A rare, and famous, religious trove hits the auction block this month.
On December 22, Sotheby’s will hold back-to-back million-dollar sales of Judaica that are noteworthy for their rare books and manuscripts, some of which date back to the Middle Ages in Europe. Of greatest note are 12 books and scrolls from the renowned Valmadonna Trust Library (currently based in London), expected to fetch between $10.8 and $16.6 million.
What makes them special? An 1189 Pentateuch and Haftorah (estimated at $2-4 million) is the only surviving Hebrew text from the time before King Edward I expelled the Jews from England in 1290 (Oliver Cromwell allowed Jews to return to England in 1657). There’s an eight-volume, 8,000-page edition of what is called the Bomberg Talmud, which was printed in Venice between 1519 and 1523 by Daniel Bomberg, who was not Jewish but had the government license to print Hebrew texts (Jews not being permitted to do so). It is estimated at $5-7 million. A 10th-century Pentateuch and Haftorah is in both Hebrew and Aramaic ($1.5-2 million).
Unlike the Bomberg Talmud, the Pentateuchs and Haftorath were not printed but handwritten, although David Redden, head of Sotheby’s books and manuscripts department and vice chairman of the auctioneer, noted that early Hebrew printing sought to “imitate the look of handwritten texts.”
For those not familiar with these terms, Pentateuch refers to the first five books of the Hebrew bible (Genesis, Exodus, Leviticus, Numbers and Deuteronomy) while the Haftorah is readings from the Book of Prophets (a traditional element in bar and bat mitzvahs).
“The Valmadonna Trust Library is known as the greatest collection of Hebrew books and manuscripts in private hands in the world,” said Mr. Redden, adding that the library contains between 9,000 and 11,000 items and was largely built by Jack Lunzer, a retired diamond merchant who was born in 1924.
Redden noted that the Bomberg Talmud is in “unbelievably good condition, having only had two owners—a 16th-century Oxford University professor of religion, Richard Bruarne, who ordered the edition directly from Bomberg and had the printed pages bound in England, and Westminster Abbey, to which Bruarne left the edition upon his death—before Lunzer acquired it (by swap, for Westminster Abbey’s medieval charter) in 1980. “The edition stayed at Westminster for 400 years, probably untouched for most or all of that time.”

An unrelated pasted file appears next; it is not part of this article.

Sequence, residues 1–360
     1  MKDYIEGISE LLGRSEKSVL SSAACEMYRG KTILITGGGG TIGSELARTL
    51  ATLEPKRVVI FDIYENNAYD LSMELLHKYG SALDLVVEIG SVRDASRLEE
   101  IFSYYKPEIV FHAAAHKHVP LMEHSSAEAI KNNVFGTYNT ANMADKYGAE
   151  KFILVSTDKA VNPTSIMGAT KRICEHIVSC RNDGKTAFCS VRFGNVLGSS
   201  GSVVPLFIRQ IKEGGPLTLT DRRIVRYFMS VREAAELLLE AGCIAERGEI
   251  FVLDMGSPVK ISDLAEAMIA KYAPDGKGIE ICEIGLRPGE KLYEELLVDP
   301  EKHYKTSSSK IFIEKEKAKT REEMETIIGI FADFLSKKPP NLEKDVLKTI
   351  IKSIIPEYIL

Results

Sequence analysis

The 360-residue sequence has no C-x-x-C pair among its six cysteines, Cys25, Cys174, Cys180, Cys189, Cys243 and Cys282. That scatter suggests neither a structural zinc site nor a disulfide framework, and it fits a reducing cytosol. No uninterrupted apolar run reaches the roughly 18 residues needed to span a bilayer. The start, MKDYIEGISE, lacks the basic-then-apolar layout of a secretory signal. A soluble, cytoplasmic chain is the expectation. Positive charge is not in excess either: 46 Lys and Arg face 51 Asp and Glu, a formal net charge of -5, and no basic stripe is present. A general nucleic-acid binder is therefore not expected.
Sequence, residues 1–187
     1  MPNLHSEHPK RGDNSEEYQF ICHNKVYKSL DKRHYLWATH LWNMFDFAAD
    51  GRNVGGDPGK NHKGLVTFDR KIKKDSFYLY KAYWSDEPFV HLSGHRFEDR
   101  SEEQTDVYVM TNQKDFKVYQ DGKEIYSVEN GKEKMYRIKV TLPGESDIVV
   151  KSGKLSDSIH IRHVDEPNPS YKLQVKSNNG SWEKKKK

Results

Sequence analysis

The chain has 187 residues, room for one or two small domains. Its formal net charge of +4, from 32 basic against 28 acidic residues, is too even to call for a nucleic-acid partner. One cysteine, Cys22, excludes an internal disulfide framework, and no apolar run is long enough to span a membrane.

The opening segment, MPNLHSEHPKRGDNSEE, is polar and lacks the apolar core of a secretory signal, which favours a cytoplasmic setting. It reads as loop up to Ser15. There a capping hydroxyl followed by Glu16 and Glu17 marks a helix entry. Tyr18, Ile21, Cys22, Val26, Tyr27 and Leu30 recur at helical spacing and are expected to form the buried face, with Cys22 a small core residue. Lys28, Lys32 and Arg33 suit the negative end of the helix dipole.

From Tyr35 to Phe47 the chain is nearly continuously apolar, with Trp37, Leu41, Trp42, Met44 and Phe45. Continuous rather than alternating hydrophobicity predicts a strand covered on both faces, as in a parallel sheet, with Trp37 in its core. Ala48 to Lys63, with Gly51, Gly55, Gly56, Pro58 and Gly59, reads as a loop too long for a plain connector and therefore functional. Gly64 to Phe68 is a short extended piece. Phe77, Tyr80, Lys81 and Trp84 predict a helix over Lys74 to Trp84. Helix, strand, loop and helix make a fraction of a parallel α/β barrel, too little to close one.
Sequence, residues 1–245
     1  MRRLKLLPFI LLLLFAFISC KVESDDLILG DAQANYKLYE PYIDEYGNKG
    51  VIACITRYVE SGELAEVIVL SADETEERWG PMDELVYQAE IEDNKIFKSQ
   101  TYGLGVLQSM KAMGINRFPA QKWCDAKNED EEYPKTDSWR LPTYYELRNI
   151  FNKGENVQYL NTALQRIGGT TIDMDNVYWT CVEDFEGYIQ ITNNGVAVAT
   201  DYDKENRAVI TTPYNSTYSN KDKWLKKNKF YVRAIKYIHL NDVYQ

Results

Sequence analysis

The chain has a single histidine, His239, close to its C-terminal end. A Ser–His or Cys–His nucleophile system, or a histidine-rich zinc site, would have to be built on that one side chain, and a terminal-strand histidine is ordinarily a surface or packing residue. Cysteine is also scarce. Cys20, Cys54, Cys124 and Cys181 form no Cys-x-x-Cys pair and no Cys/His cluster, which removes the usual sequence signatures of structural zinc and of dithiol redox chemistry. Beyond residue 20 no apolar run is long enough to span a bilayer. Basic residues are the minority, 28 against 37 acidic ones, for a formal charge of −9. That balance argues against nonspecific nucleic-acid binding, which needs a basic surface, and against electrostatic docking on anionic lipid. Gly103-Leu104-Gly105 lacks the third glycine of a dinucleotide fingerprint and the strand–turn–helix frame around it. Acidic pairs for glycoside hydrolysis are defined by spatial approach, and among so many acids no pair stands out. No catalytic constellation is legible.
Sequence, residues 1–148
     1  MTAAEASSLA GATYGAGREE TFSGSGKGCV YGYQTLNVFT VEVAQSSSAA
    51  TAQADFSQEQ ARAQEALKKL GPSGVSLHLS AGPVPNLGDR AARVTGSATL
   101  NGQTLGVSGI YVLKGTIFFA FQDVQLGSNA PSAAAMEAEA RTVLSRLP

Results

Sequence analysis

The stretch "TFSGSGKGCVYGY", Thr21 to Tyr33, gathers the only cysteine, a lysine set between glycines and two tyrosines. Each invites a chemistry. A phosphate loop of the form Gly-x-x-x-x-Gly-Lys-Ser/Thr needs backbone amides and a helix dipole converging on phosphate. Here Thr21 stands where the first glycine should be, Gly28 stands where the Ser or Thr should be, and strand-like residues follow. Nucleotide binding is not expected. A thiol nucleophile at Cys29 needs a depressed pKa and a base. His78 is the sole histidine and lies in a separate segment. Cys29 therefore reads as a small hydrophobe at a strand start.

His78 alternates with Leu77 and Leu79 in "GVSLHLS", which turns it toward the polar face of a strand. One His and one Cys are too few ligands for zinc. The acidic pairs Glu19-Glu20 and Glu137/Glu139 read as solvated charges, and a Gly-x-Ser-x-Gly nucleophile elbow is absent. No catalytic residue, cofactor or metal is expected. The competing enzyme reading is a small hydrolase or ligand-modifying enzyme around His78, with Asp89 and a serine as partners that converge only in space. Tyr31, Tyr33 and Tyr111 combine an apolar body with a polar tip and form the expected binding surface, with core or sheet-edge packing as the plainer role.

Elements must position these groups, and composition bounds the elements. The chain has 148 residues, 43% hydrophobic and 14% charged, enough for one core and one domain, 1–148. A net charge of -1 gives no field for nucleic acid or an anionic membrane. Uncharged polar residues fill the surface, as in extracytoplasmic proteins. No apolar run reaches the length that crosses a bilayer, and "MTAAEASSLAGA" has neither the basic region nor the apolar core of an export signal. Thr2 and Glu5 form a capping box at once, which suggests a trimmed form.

Books of any kind from the medieval era are rare, but decrees in the 16th century to destroy Hebrew texts diminished their numbers significantly.
Some of the lots have unique appeal, such as the 1737 Viennese book of Grace after Meals (estimate $150-250,000), which describes acceptable blessings to follow dinner and includes figurative and landscape illustrations by Ze’ev Wolf Herlingen, and an 18th-century Central European Miniature Book of Prayers for Women (estimate $80-120,000) that contains prayers in both Hebrew and Yiddish—the only text in this group that includes Yiddish.
David Wachtel, a Sotheby’s consultant and expert in Hebrew books and manuscripts, said that it is a misconception that Jewish law makes recognizable imagery taboo. “The Second Commandment prohibits graven imagery for the purpose of worship, and some have interpreted that to mean all imagery, but there is a great deal of imagery in Jewish texts, especially in books and manuscripts produced in Western Europe where artwork abounded.”